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Connecticut Bill Would Require Parental Social Media Consent

To combat mental health disorders among teenagers, the Legislature’s Children’s Committee gave unanimous approval to a bill that would require parental consent for children less than 16 years old to engage in social media.

(TNS) — In an effort to stem the rise of mental health disorders among teenagers, Connecticut state lawmakers this week advanced legislation that would require parental consent for children under the age of 16 to engage in social media.

The legislature's Children's Committee gave unanimous consent to the bill on Tuesday after receiving supportive testimony from several children's welfare organizations, including the Connecticut PTA and the state's Office of the Child Advocate.

Supporters of the bill pointed to studies linking social media use to a rise in mental health and mood disorders impacting teenagers, such as depression, body dysmorphia and suicidal thoughts. Other issues, including cyberbullying and sexual exploitation, are also a concern as children begin using social media at younger ages.

The co-chair of the Children's Committee, state Sen. Saud Anwar, D- South Windsor, said that social media platforms like Facebook have exacerbated the issue by using data collected from teens' social media accounts to target them with advertising that encourages spending even more time online.

"They make money on a young boy or girl spending more time on their website and increasing their screen time," Anwar said.

Social media companies that target their platforms to children under the age of 13 are currently regulated by the federal Children's Online Privacy Protection Act, which requires parental consent for websites to collect personal information about children covered by the law.

In order to ease complaince with the law, many social media platforms like Facebook, Instagram and Twitter already require that users be over the age of 13.

Advocates for tougher regulations, however, argue that the law and the platforms' age restrictions are too easy for children to bypass by entering a different name or date of birth.

Anwar said lawmakers are seeking to address those concerns by establishing a new method for platforms to obtain a parent's consent before allowing teenagers to create a profile, though they have yet to settle upon a solution.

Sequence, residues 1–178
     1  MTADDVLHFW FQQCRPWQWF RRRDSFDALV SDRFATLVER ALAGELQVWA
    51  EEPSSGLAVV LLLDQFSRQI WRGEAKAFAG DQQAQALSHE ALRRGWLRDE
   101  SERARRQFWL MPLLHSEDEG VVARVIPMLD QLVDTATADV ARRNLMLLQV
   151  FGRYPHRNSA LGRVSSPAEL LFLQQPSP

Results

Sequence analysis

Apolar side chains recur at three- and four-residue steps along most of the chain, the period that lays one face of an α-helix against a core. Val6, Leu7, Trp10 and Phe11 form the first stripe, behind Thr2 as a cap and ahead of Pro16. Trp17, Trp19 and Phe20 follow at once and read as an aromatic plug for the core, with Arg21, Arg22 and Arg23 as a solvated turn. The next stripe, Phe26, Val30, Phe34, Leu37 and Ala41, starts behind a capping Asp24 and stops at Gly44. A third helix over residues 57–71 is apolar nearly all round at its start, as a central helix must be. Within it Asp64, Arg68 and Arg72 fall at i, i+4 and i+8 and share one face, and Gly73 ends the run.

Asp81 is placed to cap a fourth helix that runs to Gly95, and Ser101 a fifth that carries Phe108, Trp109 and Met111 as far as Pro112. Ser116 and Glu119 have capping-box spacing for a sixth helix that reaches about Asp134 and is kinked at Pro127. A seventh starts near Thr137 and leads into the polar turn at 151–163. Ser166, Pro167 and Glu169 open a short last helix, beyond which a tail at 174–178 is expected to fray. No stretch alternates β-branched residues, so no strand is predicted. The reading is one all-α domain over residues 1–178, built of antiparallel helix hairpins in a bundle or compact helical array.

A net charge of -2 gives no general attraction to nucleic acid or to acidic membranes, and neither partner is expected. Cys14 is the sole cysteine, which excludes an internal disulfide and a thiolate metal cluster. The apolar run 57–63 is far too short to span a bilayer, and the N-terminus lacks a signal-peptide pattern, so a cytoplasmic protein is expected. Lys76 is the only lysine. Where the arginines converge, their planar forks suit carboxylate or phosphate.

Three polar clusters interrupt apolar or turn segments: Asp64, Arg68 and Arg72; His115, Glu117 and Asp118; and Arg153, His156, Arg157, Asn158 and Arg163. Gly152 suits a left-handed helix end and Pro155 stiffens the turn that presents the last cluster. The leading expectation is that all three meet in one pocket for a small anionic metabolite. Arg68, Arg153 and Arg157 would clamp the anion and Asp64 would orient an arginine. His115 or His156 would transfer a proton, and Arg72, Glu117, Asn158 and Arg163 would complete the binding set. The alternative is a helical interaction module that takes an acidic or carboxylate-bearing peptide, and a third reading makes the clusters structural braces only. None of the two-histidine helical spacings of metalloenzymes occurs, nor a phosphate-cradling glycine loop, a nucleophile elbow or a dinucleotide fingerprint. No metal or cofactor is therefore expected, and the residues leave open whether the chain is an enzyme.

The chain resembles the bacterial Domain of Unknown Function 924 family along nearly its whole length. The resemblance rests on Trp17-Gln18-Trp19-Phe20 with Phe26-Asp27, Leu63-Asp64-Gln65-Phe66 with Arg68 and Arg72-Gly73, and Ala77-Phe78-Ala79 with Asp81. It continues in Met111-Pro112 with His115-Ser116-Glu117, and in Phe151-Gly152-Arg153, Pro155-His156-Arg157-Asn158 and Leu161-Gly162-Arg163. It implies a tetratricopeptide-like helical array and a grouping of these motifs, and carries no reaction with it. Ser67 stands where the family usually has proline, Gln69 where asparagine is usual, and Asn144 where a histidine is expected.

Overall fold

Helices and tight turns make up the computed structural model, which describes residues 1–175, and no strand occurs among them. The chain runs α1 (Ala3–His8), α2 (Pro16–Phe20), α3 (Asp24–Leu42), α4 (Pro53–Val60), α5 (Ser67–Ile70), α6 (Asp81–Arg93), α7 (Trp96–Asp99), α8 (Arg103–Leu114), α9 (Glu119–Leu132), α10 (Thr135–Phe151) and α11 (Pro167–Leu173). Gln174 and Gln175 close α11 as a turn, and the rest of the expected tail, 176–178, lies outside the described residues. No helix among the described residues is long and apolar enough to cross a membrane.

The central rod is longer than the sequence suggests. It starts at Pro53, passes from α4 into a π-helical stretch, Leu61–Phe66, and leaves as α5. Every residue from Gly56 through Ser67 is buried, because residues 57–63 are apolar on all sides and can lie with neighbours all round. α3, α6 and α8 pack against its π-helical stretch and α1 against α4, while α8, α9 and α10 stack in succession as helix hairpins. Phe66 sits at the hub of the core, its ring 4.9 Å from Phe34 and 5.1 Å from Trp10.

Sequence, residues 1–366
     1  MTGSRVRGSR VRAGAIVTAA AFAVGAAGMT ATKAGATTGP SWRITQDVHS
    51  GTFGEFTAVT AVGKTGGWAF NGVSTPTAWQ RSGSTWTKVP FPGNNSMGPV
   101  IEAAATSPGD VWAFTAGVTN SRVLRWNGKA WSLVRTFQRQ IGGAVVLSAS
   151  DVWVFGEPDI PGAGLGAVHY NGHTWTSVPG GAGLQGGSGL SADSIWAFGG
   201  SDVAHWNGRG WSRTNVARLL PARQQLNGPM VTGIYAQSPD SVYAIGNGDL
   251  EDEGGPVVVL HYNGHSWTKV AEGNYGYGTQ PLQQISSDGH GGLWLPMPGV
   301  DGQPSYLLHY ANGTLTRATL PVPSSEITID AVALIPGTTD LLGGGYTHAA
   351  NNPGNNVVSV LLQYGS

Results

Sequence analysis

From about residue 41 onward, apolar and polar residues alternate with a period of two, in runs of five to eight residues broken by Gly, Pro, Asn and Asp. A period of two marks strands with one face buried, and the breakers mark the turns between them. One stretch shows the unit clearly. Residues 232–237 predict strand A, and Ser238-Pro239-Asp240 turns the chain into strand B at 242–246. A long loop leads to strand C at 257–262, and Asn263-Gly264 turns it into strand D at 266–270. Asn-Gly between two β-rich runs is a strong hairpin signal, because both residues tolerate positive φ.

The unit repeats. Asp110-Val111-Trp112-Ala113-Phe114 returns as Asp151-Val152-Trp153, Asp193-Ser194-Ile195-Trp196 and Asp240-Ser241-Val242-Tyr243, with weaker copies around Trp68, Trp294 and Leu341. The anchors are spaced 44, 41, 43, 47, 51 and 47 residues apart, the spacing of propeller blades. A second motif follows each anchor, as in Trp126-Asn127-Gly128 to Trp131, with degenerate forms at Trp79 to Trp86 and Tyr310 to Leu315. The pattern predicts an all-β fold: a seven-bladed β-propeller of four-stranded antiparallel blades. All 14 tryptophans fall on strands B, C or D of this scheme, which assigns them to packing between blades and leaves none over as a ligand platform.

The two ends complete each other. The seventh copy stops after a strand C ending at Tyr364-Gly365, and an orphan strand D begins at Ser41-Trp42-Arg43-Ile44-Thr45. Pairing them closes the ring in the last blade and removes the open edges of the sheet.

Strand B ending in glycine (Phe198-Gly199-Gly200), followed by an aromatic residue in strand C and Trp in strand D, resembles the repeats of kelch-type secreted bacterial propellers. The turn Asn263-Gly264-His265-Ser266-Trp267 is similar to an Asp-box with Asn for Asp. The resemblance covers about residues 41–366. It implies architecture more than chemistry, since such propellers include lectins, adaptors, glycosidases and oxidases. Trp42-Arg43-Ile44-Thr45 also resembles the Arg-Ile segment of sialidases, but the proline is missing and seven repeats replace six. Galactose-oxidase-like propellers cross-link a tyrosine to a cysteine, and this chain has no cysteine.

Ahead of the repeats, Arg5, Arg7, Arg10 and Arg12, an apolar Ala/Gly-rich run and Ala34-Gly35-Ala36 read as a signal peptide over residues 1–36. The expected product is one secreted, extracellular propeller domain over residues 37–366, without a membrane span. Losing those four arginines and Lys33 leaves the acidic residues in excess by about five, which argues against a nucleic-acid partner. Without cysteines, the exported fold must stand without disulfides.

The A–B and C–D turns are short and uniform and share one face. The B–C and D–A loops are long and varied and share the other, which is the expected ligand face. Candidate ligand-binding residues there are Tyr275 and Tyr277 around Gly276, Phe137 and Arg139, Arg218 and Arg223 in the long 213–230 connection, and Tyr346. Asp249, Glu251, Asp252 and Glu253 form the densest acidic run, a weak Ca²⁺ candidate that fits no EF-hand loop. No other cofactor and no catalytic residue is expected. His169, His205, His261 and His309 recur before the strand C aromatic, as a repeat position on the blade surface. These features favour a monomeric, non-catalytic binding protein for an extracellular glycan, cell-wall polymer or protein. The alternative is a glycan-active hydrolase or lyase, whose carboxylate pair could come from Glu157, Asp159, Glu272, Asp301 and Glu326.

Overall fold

"We don't want it to be just a click, we want it to be more than that at the entry point," Anwar said.

None of the major tech platforms provided testimony on the bill to the Children's Committee during a hearing last week, though Anwar said lobbyists for the companies are keeping track of the bill's progress.

Representatives from The Connecticut Group, a Farmington lobbying firm that has previously represented Facebook's parent company, Meta Platforms, did not respond to a request for comment Wednesday.

The legislation received bipartisan support on its way out of committee this week, and is sponsored by three Republicans in addition to Anwar, the Democratic committee chairman.

"Kids don't grasp the impact an online history can have on their future, " said one of the co-sponsors, state Rep. Christie Carpino, R- Cromwell, in a statement. "It also has the potential to expose them to difficult situations they may not be equipped to navigate. This bill would create a tool for parents to better protect their children and their sensitive information."

In addition to requiring parental consent for children under 16 to use social media, Anwar said the bill will be revised before heading to the Senate floor to include a provision allowing parents to request that a social media platform remove their child's account.

If passed, the legislation would go into effect on Oct. 1.

(c)2022 the Connecticut Post (Bridgeport, Conn.) Distributed by Tribune Content Agency, LLC.
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